The standards require that there be a physician director with overall responsibility for the post-anesthesia care unit and that the physician director may also be the director of the anesthesia services. It defines the credentials of the registered nurse staffing the P.A.C.U. and their training environments including Basic Life Support and Critical Care training.
The ratio of staff to patients was established to be at least two health care personnel, one of whom is a registered nurse and the other of whom is a licensed practical nurse or a physician, present whenever a patient is in the post-anesthesia care unit. Therefore if there is one patient in the P.A.C.U., a P.A.C.U. nurse and a support person would be present at all times. When there is more than one patient, there will be a ratio of at least one registered trained professional P.A.C.U. nurse for every three patients in the P.A.C.U.
The regulation mandates that a patient be accompanied to the P.A.C.U. by two individuals, one of whom, stationed at the patient’s head, shall be a member of the anesthesia team. It requires an oral report on the patient’s condition by a member of the anesthesia team upon admission to the P.A.C.U. It requires that a oral report of the anesthesia team shall stay with the patient in the P.A.C.U. at least until the patient’s vital signs, including blood pressure, pulse and respirations, are recorded.
The regulation defines the necessary documentation of the patient’s condition while in the unit by the nursing staff . Discharge shall be by discharge criteria, including the authority to discharge, which have been developed through the required written policies and procedures. Admission and discharge criteria are required in written policies and procedures that are reviewed annually, revised as needed, and implemented. Since the I.C.A.H.O. permits discharge by criteria, this wording would permit a department to write a protocol, for example, for discharge requiring a patient to be discharged only personally by an anesthesiologist.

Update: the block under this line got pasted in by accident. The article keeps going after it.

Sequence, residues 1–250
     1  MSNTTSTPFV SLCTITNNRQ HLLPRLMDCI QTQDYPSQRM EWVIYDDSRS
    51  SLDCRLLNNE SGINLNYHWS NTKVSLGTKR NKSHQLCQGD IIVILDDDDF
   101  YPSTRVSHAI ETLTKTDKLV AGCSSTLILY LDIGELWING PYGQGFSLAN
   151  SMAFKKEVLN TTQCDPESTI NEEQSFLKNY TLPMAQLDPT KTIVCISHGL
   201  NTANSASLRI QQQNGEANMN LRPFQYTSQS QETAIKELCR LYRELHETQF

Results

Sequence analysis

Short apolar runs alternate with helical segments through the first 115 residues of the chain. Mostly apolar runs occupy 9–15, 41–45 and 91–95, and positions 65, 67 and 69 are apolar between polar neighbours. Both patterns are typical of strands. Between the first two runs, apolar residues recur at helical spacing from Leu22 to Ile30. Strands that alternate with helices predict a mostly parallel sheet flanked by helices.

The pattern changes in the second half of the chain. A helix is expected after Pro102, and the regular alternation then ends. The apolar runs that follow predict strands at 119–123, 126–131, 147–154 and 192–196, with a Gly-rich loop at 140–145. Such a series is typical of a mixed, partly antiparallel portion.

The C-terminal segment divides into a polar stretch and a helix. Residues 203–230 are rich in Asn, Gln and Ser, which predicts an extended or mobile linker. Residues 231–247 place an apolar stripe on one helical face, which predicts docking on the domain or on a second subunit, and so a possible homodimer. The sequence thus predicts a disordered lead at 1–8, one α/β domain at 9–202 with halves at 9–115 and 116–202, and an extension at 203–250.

Finally, the regulation requires that a P.A.C.U. shall be adjacent to or within the O.R. suite and likewise, the OB suite and that it be a restricted zone maintained as a dosed unit. Access to the restricted zone of the P.A.C.U. shall be through or past a control center It defines proper attire for P.A.C.U. staffs and others permitted access to the unit. It lists minimum equipment, educational program requirements, and Q.A. requirements.
For a copy of the complete regulation please write the New Jersey State Society of Anesthesiologists, Inc., 2 Princess Road, Lawrenceville, New Jersey 08648.
Dr. Moss, an APSF director, has been extremely active in the N.J.S.S.A. Standards Committee for some time.